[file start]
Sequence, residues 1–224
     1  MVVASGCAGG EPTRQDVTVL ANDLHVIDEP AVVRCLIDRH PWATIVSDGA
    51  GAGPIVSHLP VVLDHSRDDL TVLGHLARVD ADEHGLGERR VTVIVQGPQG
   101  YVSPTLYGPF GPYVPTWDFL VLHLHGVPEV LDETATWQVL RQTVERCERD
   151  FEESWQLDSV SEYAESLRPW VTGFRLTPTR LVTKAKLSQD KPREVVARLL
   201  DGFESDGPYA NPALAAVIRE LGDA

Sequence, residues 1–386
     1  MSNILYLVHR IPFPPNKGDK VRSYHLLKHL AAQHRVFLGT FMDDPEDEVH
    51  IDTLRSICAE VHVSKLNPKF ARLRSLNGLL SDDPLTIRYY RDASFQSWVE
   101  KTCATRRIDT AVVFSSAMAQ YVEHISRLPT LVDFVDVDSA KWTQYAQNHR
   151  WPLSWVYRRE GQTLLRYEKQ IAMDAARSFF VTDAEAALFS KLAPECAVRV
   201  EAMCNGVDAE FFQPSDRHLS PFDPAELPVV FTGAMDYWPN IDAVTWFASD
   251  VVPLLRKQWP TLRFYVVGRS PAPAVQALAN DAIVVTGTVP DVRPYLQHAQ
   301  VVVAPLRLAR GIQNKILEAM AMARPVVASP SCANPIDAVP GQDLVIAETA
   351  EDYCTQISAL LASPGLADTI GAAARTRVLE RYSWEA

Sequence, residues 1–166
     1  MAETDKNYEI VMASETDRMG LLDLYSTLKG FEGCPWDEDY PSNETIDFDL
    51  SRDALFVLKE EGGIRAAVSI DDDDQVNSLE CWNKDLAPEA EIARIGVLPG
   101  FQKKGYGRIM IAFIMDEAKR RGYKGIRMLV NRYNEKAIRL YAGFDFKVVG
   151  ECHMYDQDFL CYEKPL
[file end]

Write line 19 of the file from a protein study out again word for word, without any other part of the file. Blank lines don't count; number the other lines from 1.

   101  FQKKGYGRIM IAFIMDEAKR RGYKGIRMLV NRYNEKAIRL YAGFDFKVVG